Health record linkage

Links to hospital morbidity data were found for all 37 study participants, however, only 23 (62%) study participants were admitted to hospital for a respiratory related condition over the study period. Among those participants who had been admitted to hospital for a respiratory related condition, the mean and median total number of respiratory hospital separations between 1988–2012 was 3.1 and 2.0 respectively.

Links to ED data were found for 29 (78%) study participants. The mean and median number of total ED presentations amongst these study participants between 2005–2012 were 7.1 and 6.0 presentations respectively. No links to death data were found for any participant, indicating that none of the participants in the study cohort died during the study period.

Figure 1 illustrates the hospital separations, inpatient LOS and person time contributed by time period for the study cohort. The person time increases over the study period as additional participants enter the cohort and remains constant after intervention (time period 20). While there is an overall increasing trend, although not statistically significant, in both hospital separations and inpatient LOS over the study period, there is considerable fluctuation from one time period to the next. The person time for ED presentation also increased until intervention (Figure 2). There was an overall decreasing trend, although not statistically significant, in ED presentations after intervention.

Figure 1
figure 1

Hospital separations, inpatient LOS and person time contributed by time period.

Figure 2
figure 2

Emergency department presentations and person time contributed by time period.

The relative risk (RR) of hospital separations, inpatient LOS and ED presentation before and after intervention were shown in Table 2. Males with NMD had lower risk compared to females with NMD in all 3 outcomes. After adjusting for gender, person years and time period, the risk of hospitalisations (RR = 1.82, 95% CI = 0.76-4.38) and LOS (RR = 2.83, 95% CI = 0.52-15.49) at pre-intervention were higher than post-intervention, but this was not statistically significant. The home use of an MI-E device was shown to be significantly associated with reduced ED presentations (RR = 1.76, 95% CI =1.10-2.84).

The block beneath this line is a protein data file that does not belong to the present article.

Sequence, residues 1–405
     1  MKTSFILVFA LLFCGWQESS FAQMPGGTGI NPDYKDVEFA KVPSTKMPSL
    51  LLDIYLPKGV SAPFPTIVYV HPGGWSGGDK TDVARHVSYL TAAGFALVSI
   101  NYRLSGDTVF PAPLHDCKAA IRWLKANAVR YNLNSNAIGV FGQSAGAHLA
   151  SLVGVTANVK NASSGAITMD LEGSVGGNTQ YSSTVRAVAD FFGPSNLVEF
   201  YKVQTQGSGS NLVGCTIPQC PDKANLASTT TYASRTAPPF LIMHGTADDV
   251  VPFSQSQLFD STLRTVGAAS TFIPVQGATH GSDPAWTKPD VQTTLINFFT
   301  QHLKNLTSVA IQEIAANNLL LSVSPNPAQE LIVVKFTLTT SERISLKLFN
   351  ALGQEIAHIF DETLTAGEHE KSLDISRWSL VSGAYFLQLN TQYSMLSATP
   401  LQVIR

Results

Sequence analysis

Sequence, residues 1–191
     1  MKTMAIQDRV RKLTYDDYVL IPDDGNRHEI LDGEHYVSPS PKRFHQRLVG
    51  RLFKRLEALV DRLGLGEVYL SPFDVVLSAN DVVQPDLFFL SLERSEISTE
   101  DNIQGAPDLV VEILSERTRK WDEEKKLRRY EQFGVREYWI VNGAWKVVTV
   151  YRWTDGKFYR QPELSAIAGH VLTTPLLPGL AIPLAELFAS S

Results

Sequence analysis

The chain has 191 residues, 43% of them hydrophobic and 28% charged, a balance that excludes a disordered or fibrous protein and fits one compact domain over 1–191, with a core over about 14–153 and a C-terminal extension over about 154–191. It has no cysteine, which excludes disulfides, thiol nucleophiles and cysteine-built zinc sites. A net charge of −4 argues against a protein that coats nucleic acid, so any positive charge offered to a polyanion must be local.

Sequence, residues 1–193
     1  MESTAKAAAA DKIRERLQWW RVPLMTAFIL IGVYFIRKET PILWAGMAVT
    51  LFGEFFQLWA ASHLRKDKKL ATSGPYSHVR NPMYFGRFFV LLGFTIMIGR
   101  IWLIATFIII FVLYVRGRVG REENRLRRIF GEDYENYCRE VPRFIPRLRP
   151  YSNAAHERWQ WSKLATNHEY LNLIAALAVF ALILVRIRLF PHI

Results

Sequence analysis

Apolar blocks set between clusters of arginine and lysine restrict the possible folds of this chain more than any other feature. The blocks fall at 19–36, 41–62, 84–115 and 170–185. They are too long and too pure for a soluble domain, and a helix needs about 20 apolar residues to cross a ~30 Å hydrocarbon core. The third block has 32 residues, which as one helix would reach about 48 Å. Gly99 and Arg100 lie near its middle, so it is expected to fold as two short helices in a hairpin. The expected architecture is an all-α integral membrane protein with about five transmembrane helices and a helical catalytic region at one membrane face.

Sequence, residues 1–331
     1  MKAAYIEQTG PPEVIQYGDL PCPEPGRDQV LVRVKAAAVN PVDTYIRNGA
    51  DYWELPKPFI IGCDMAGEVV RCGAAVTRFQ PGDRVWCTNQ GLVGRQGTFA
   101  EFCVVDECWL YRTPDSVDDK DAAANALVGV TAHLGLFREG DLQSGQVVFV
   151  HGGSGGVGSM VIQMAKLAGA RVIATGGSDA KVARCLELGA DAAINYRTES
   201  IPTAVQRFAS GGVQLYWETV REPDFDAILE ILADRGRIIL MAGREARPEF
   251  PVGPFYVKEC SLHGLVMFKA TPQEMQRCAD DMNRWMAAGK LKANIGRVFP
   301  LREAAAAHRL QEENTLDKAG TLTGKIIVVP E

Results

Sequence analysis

Table 2 Relative risk of hospital separations, inpatient LOS and ED presentations


This study demonstrated that using MI-E devices at home improves self-reported health and lifestyle factors including maintaining respiratory function and preventing respiratory infections; the ability to manage respiratory illness at home. Participants reported they would recommend the program to other patients with NMD. These survey findings are congruent with those reported by Moran et al. [9].

Patients and their families/carers reported the device provided reassurance and peace of mind that acute choking episodes could be managed quickly and effectively. This is particularly important considering choking is a significant cause of death in NMD patients [14].

Patients had almost two and three times higher hospitalisations and LOS at pre-intervention, respectively, but the results are not statistically significant. The non-significant results may be explained by the fact that 27% of participants did not use the device regularly (less than weekly) and the limited time frame in which participants were followed after receiving a MI-E device. The regularity of home MI-E use among NMD patients may depend on their changing health needs and disease progression. Advantages of frequent use include not only the maintenance of health but familiarity with the device, resulting in patients and their families/carers feeling more confident in using the device during an acute respiratory episode, such as choking [21,9]. Hence, regular access to this equipment by the provision of continual home access programs may be more effective than programs that provide only intermittent access to MI-E devices.

The use of a MI-E device was significantly associated with a reduction of NMD patients’ ED presentations. It is not known whether all of the ED presentations both pre and post intervention were respiratory related since the ED data had missing values in the diagnosis field. Nevertheless, the reduction in ED presentations is a desirable outcome for patients and the health system to reduce patient's and family’s stress and overcrowding in emergency departments [26,27].

The increasing trend over time in hospital separations and inpatient LOS are most likely explained by two factors: 1) the gradual increase in the number of participants in the study cohort over the study period and 2) disease progression among study participants that results in a deterioration of respiratory function and an increase in respiratory morbidity and therefore hospitalisation. Additionally, the variation of participants age and disease status may well have masked any underlying trend.

The limitations of this study are characteristic of the common logistical and statistical challenges of studies evaluating medical interventions for rare diseases mainly attributed to small patient numbers [28]. The lack of control group is a limiting but inevitable factor due to the nature of the disease group and the small population of people living with NMD in WA. This makes finding suitable controls matched on age, sex and diagnosis impracticable. Due to the low subject numbers, it is not possible to stratify subjects further on disease types, regularity of MI-E device use, children and adults. There is a gender imbalance which is also due to the low sample size. The age range of patients in this study has resulted in the variability in disease progression and limited the potential to reach significance. For the analysis, time period was used as a surrogate variable for disease progression, however, this has limitations because of the individual variability in disease progression.